The second (major ) type of muscle which can cause Forward Head Posture ( FHP ) is the STERNOCLEIDOMASTOID ( or SCM ) muscle. There are others which affect posture, but it is not necessary to discuss these here. The SCM muscle connects to two places on the chest. One part connects to the breastbone or sternum ( which is where we get the ?STERNO? part from ). Another part connects to the clavicle or collar bone. At the other end of the muscle, there is an attachment behind the ear ( what is called the MASTOID PROCESS ). We mentioned previously that when a muscle contracts ( either by our brain commanding it, when we wish to put our head down to read something for example, or due to stress etc ), the bones at both ends ( if attached ) will try to be pulled together.
Note the term ?BRACHIAL PLEXUS? seen at the bottom of the picture. This refers to the bunch of nerves that exit the Thoracic Outlet mentioned before.
In the case of the SCM, the bones around the chest will not move much ( think of them as a fixed point ). However, in most cases, the head will be pulled forward easily. If we spend too much time in this head down position ( working on laptops, PDAs, video games etc ), the usual problems of waste buildup, knots and adhesions etc will start to appear ( if no corrective measures are taken ).
The following picture shows both attachment points on a famous movie star:
The SCM muscle is a very powerful ?head puller ?.
Have you ever seen elderly people at the supermarket with their heads hanging down, and their upper backs all humped over ? Usually they have a walking frame.
What is strange is that I cannot remember ever seeing any children at school like that. Neither can any of my friends or neighbors. Over the last five years, I have spoken to several dozen people like that at my local Publix supermarket. Upon asking them some questions, I usually get very interesting answers. When asked if they had this condition at childhood, not one has said ?yes? so far. Nearly all have said ?I noticed it as I got older, but then within a year, it really got worse?. I then ask them ?Are you able to stand upright?. Nearly all of them were able to. They then reply ?I can only do this for a minute then I?m pulled back down?. I then ask them if their doctors have said it?s a bone disease or something else medically related. None of them have said ?yes? so far. So what is going on here ? Bye the way, out of all those people I spoke to, three took the time to visit the therapists who treated me. All three are now standing straight. One poor old soul of 80 held one of the therapists so hard after being able to stand straight for the first time in two decades and burst into tears. Of the others, most spoke to their doctors and were told "If it could be corrected, don't you think we would have done it already". Sad really.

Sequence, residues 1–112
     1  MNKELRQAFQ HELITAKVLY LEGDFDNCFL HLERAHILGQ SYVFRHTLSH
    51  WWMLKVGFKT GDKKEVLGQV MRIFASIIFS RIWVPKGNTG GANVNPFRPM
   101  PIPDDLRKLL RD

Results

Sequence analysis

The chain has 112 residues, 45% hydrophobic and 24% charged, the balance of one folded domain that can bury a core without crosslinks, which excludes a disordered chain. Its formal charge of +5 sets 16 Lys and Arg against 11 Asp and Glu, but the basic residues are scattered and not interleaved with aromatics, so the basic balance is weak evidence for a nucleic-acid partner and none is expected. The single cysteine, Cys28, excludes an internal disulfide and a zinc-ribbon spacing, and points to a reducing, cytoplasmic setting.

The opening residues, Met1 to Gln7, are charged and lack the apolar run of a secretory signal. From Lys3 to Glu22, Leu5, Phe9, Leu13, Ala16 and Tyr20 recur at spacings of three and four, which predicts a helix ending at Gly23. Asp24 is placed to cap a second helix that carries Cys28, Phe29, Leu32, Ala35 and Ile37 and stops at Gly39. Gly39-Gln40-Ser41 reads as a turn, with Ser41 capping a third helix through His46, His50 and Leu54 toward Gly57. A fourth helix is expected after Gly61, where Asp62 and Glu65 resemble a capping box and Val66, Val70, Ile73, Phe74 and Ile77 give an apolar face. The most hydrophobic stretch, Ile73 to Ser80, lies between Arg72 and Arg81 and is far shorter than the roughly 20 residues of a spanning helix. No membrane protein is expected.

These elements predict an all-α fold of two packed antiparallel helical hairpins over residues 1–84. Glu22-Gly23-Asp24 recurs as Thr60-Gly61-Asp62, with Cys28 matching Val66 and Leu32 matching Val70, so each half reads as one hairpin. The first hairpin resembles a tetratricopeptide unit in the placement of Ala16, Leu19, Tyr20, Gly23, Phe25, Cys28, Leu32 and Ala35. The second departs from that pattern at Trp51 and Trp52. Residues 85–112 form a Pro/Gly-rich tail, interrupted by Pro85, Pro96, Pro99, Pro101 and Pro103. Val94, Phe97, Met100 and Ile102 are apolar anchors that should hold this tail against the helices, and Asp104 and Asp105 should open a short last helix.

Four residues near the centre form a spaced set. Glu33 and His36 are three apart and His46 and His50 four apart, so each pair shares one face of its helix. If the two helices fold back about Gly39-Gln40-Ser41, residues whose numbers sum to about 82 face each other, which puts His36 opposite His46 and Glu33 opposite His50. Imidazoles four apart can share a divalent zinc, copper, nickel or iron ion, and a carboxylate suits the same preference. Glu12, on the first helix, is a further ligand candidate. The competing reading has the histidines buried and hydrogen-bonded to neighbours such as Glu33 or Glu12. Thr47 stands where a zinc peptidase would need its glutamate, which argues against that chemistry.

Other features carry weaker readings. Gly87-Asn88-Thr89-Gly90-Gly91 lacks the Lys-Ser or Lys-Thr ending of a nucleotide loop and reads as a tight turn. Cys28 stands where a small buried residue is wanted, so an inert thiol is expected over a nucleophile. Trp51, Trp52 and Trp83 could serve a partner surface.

Many of them worked in offices or as craftsmen hunched over a work bench. The muscles in their chests and necks became tighter as time went on. The head went forward, then forward some more, gradually over time. The muscles at the back of the neck and upper back ?took the strain? and were able to ?hold the head back a bit?. A point is reached however ( which varies from individual to individual ) where finally the turning moment of the head becomes too much for the poor muscles at the back of the head and neck, and then it?s literally all downhill from that point on. Because the neck muscles at the back have not been exercised properly, they exhaust easily, causing pain in the upper shoulders and back ( most of the aches and pains office workers get in these areas are casued by this ). At this point, the head can no longer be supported on it?s own , and hangs down.
Unfortunately, a whole chain of bad things now starts to happen. We mentioned in a previous post that when the head goes forward, the brain causes changes in the spine elsewhere to literally stop you from falling over. Now, the curves of the lower back and thoracic regions change dramatically. Multiple problems can then occur?disk herniations, disk bulges, disk degeneration etc.
The most dangerous situation occurs when the body detects that the intervertebral disks are literally shrinking, and the spine is becoming unstable. Calcium is laid down in the form of bone spurs or osteophytes, and the spine will literally try to fuse itself to prevent further degeneration in terms of curvature. Once the bones are fused, there is very little that can be done for those poor unfortunates.
One of the therapists who worked on me has found a very interesting thing. The walkers themselves that most elderly people use are almost never adjusted to take into account the user?s height. This means that for some people, an already bad situation can be made worse by having the person stoop even further over to hold on.
In the next series of posts, we?ll start to look at what can be done to correct some or all of this.